Chris spreads the word in town that Shane backed down from a fight, which gives Fletcher and advantage. His men start to ride by the homesteaders’ land and insult them. The homesteaders are upset, and Henry Shipstead and Ernie Wright argue with Joe in the kitchen of the Starrett home. They are losing confidence in Joe and blame Shane for the deteriorating situation.
Shane rides up. He has been in town, and he says that Chris will not be bothering them any more. Ed Howells arrives and tells the story of what happened. Shane had been in the saloon and had bought Chris a soda pop. Angry, Chris threw the bottle at Shane. A fight broke out and Shane quickly beat Chris up, breaking his arm in the process. Chris was rendered unconscious, but Shane picked him up, laid him gently on a table and wiped the blood from his face.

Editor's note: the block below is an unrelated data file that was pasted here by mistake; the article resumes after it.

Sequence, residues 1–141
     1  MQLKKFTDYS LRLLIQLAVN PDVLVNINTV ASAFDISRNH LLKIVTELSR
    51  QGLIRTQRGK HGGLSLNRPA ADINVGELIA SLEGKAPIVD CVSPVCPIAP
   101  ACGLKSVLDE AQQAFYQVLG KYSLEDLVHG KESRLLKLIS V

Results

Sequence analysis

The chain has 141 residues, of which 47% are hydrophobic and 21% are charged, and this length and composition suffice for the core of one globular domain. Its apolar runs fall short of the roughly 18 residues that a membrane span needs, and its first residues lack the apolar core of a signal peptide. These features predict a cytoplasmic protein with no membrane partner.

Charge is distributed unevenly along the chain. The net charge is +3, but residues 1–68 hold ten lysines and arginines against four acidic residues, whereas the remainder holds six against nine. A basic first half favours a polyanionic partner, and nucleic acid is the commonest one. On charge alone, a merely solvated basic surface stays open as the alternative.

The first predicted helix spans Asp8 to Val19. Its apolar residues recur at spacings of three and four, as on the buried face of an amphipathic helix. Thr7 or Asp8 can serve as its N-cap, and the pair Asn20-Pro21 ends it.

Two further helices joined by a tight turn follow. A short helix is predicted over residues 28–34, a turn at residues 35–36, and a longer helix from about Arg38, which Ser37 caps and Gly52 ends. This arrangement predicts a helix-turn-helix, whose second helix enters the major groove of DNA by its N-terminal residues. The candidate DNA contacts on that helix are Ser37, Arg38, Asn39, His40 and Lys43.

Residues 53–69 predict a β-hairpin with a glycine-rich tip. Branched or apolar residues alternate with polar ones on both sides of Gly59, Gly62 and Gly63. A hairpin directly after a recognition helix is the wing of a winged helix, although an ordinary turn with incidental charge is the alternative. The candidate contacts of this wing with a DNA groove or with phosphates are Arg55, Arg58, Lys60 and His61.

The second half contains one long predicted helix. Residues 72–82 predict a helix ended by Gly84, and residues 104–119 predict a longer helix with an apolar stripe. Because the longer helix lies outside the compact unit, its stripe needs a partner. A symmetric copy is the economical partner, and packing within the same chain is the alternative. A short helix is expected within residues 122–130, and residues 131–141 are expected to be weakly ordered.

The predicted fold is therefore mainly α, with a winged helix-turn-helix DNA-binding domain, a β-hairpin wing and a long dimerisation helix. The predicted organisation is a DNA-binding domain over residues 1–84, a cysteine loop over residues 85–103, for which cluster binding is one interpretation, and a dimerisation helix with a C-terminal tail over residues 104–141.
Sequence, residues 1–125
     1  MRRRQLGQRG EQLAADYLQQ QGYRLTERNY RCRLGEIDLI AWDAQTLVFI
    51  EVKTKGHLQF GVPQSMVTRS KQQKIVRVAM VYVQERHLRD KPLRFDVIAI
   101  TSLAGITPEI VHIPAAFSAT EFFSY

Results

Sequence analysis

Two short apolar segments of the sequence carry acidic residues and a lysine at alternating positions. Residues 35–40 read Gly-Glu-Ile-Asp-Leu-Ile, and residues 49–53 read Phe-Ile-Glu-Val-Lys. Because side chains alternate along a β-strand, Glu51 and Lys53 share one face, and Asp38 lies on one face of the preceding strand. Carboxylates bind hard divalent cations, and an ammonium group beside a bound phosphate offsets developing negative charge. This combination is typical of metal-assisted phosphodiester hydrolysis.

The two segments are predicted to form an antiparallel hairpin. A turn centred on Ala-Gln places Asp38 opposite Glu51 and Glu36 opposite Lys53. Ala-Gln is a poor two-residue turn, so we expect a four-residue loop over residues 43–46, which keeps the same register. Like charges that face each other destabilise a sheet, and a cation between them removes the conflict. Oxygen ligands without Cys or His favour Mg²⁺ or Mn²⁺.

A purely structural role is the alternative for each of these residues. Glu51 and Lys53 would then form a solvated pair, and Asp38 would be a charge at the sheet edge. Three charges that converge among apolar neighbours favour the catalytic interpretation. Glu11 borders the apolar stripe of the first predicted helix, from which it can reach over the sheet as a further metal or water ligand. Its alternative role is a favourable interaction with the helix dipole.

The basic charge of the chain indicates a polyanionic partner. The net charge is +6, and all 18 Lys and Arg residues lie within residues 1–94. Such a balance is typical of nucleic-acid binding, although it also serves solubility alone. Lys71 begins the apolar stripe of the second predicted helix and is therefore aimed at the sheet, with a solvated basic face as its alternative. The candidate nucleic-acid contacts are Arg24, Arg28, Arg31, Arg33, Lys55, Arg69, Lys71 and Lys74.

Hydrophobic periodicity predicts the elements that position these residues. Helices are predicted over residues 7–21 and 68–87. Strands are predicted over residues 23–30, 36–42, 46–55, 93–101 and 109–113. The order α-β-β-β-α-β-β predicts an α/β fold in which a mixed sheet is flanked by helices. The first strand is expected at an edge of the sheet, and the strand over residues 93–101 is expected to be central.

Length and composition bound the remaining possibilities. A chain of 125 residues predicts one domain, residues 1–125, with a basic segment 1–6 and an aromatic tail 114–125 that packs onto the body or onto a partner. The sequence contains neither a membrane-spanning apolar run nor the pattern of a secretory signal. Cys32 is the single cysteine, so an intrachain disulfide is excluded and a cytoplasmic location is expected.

Joe is pleased to hear this story, but Marian reproaches him for getting Shane mixed up in the trouble. She thinks Shane has been harmed by it.
Finally, the violence that has been simmering breaks out in the open. Shane is a skilled fighter and Chris has no chance against him. But it is Marian who sees the real significance of what has taken place. Shane appears to be losing his battle to forge a new life for himself. He is being drawn into a conflict in which the use of deadly force may be required. He cannot step back from it now. In the early part of the chapter, it seemed as if he might. He had no regrets about not starting a fight with Chris in the first incident. He did not care what people thought of him. Bob explains, “Since his session with Chris he seemed to have won a kind of inner peace. . . . There was a serenity in him that had erased entirely the old tension.”